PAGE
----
The activation or deactivation of genes can occur due to adverse experiences in life, and these configurations can be passed from parents to children
Understanding child development from conception, discovering the impact of infections and other injuries during pregnancy, and seeking to optimize the quality of child hospital care are some of the main lines of research in pediatrics at the D’Or Institute for Research and Education (IDOR). However, to understand that the field only investigates the health and well-being of babies and newborns is a misconception.
There is a new scientific scenario understanding that, at the time when our organism is developing – as in the embryonic, fetal, and postnatal periods –, the occurrence of certain adverse factors can increase our susceptibility to chronic diseases in adulthood, such as diabetes, obesity, cardiovascular problems, and even mental disorders. This strand of study is called DOHaD (developmental origins of health and disease), and one of the most investigated topics within the field is epigenetics, the science that researches how the environment in which we live interacts with our gene expression, that is, in the activation or silencing of certain genes.
“When we talk about genetic alteration, it necessarily implies a mutation, a change in the sequence of the bases that make up the DNA. Epigenetics is not that”, begins Dr. Arnaldo Prata, pediatrician, professor, researcher, and coordinator of pediatrics at IDOR. “If all the cells in our body have all genes, our complete DNA, how do they turn into specific cells, be it a cardiomyocyte in the heart, or a neuron? To do so, the countless genes that are uninteresting for the function of a specific cell are deactivated, and only the general genes of the cell and those related to that specificity work. This activation and deactivation is a process that does not cause DNA mutation, but is still capable of causing relevant impacts, which can even be transmitted from parents to children. This is epigenetics.”, he explains.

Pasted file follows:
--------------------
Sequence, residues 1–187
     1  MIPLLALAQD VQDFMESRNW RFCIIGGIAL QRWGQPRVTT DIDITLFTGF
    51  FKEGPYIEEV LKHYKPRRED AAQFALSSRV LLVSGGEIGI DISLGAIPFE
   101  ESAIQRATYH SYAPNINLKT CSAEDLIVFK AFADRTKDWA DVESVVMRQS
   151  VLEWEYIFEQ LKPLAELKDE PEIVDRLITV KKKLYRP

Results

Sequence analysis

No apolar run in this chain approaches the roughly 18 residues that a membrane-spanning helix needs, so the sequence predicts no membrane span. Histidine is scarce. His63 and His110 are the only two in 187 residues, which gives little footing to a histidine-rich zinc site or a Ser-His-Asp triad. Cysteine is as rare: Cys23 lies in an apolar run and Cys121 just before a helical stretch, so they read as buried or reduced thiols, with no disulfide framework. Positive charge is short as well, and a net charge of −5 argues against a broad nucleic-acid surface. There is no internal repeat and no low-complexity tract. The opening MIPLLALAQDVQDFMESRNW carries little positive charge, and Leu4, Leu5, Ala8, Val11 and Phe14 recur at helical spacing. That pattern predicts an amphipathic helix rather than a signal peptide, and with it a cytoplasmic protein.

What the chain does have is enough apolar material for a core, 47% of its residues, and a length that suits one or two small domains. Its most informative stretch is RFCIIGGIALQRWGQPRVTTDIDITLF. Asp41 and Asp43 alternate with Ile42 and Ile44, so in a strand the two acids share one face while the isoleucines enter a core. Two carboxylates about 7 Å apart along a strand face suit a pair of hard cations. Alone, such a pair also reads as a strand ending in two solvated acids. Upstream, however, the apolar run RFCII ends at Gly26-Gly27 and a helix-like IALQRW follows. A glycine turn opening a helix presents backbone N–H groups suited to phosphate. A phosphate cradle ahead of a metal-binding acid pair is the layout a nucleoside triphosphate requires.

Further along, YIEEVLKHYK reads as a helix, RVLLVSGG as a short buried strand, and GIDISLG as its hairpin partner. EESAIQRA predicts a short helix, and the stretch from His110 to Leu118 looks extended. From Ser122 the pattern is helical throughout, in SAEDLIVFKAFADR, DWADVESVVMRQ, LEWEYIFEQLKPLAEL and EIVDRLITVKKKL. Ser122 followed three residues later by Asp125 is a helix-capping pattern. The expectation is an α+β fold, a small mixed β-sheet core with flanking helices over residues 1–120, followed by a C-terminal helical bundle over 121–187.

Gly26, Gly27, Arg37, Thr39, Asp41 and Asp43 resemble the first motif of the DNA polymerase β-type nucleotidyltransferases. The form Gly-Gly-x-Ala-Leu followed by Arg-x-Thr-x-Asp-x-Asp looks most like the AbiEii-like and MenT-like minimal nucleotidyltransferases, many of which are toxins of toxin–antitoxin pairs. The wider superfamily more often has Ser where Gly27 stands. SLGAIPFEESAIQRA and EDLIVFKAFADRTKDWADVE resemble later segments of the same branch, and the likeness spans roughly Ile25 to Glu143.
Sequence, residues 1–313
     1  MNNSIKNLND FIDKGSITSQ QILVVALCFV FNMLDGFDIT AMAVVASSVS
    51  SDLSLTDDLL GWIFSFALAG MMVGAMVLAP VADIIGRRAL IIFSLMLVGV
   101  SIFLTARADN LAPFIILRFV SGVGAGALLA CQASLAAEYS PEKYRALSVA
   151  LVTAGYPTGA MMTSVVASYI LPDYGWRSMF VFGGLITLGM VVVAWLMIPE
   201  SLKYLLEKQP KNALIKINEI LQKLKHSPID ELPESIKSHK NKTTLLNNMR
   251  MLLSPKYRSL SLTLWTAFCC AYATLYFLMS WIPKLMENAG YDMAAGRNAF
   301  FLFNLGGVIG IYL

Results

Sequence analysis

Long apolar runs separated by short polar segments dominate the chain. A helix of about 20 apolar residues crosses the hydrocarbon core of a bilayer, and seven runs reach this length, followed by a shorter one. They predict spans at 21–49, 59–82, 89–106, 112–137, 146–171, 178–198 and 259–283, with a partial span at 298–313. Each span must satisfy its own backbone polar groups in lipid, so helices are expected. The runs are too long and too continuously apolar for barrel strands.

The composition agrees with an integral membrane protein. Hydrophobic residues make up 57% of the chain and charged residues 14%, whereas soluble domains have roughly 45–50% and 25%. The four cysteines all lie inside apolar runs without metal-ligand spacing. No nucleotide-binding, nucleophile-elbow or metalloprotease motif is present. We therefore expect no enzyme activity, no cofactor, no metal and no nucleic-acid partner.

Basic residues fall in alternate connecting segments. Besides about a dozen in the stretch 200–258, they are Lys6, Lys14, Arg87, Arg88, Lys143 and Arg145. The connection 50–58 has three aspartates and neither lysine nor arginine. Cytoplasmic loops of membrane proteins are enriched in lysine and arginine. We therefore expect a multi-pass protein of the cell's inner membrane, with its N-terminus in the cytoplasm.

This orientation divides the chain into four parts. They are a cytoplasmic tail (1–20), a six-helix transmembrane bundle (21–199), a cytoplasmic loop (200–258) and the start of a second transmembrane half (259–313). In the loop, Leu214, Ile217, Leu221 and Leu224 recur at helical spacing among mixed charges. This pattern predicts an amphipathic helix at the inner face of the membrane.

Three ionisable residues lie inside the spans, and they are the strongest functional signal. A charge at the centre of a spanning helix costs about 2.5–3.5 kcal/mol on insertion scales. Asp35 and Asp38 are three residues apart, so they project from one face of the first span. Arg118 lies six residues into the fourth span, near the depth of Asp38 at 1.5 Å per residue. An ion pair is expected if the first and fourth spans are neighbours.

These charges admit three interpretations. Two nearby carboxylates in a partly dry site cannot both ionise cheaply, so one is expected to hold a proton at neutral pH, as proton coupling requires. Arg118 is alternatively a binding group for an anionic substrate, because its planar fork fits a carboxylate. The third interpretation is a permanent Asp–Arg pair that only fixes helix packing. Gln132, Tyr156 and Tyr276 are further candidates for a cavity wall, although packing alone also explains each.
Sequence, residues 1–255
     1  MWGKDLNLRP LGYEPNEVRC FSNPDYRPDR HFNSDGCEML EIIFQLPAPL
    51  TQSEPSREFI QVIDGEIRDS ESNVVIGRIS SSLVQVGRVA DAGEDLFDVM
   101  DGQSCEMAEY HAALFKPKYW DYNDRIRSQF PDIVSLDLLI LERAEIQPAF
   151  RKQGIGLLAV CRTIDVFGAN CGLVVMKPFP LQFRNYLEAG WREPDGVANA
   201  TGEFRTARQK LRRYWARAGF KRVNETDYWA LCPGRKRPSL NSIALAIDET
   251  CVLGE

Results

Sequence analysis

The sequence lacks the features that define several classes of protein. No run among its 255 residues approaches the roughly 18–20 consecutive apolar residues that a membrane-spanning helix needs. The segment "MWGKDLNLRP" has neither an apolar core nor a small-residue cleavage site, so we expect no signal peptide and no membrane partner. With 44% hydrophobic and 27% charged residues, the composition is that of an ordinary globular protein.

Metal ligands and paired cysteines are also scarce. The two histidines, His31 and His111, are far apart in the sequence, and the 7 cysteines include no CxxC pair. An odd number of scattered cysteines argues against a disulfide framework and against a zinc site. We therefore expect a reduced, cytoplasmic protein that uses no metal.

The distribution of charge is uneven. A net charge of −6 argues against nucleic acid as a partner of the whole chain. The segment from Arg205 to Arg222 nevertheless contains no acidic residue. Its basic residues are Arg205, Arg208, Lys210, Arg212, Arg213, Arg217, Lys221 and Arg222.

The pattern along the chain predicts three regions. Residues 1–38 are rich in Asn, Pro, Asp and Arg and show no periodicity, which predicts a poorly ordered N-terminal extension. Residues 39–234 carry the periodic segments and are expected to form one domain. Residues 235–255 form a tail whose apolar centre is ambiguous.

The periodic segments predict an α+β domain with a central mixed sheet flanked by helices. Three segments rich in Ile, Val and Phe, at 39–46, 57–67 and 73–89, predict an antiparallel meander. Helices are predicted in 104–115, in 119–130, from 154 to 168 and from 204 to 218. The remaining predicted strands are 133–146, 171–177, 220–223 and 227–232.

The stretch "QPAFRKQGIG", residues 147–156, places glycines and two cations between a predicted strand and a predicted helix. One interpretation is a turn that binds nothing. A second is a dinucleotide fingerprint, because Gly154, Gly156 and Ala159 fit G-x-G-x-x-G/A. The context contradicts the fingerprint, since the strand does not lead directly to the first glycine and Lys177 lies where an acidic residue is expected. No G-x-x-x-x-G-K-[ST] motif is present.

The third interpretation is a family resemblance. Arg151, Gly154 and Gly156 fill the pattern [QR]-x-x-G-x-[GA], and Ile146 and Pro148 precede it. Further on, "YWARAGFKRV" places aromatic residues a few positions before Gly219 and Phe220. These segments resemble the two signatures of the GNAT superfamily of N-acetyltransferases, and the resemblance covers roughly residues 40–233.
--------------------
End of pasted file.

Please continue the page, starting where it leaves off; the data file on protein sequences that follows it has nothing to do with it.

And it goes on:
Epigenetics emerged as a concept in the 1940s, but because it is still an incipient theory, it has only in recent years gained greater interest from scientists. The process of DNA methylation, a chemical modification that occurs in gene promoter regions and plays a significant role in activating and silencing gene expression, is one of the main focuses of research in the area.
Quickly recapitulating the concepts of genetics, our DNA is composed of two paired strands, composed of four nitrogenous bases that are chained sequentially through specific connections between them: Adenine (A) binds to Thymine (T) and Guanine (G) binds to Cytosine (C). Methylation is a process that occurs in the Cytosine-Guanine sequence, through the addition of a methyl radical to Cytosine. This process is very common in the so-called promoter regions, areas capable of making the gene active or inactive for certain transcription factors. “In this promoter region, if a methyl radical connects to cytosine, it becomes methylated and this modification affects the functioning of transcription factors, and that cell will no longer produce a certain protein, for example. Several diseases and aspects of health itself are regulated by these epigenetic mechanisms. We are a great algorithm”, illustrates the researcher.